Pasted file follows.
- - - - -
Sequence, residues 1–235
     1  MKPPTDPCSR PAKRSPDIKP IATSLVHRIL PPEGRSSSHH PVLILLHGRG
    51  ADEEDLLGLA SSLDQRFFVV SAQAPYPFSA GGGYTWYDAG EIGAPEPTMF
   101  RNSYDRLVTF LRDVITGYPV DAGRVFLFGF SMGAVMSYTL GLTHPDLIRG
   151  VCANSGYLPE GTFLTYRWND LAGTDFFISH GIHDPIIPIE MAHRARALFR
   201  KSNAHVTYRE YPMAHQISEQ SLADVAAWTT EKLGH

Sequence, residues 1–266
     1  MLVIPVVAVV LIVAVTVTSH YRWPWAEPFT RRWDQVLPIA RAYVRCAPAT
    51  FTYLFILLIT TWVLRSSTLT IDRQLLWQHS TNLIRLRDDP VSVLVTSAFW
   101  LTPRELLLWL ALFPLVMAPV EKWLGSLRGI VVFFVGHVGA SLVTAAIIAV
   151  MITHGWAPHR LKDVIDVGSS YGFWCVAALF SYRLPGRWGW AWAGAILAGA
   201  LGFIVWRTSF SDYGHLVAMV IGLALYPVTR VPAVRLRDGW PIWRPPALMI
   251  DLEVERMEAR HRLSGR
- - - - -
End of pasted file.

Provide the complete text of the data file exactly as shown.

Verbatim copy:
Sequence, residues 1–235
     1  MKPPTDPCSR PAKRSPDIKP IATSLVHRIL PPEGRSSSHH PVLILLHGRG
    51  ADEEDLLGLA SSLDQRFFVV SAQAPYPFSA GGGYTWYDAG EIGAPEPTMF
   101  RNSYDRLVTF LRDVITGYPV DAGRVFLFGF SMGAVMSYTL GLTHPDLIRG
   151  VCANSGYLPE GTFLTYRWND LAGTDFFISH GIHDPIIPIE MAHRARALFR
   201  KSNAHVTYRE YPMAHQISEQ SLADVAAWTT EKLGH

Sequence, residues 1–266
     1  MLVIPVVAVV LIVAVTVTSH YRWPWAEPFT RRWDQVLPIA RAYVRCAPAT
    51  FTYLFILLIT TWVLRSSTLT IDRQLLWQHS TNLIRLRDDP VSVLVTSAFW
   101  LTPRELLLWL ALFPLVMAPV EKWLGSLRGI VVFFVGHVGA SLVTAAIIAV
   151  MITHGWAPHR LKDVIDVGSS YGFWCVAALF SYRLPGRWGW AWAGAILAGA
   201  LGFIVWRTSF SDYGHLVAMV IGLALYPVTR VPAVRLRDGW PIWRPPALMI
   251  DLEVERMEAR HRLSGR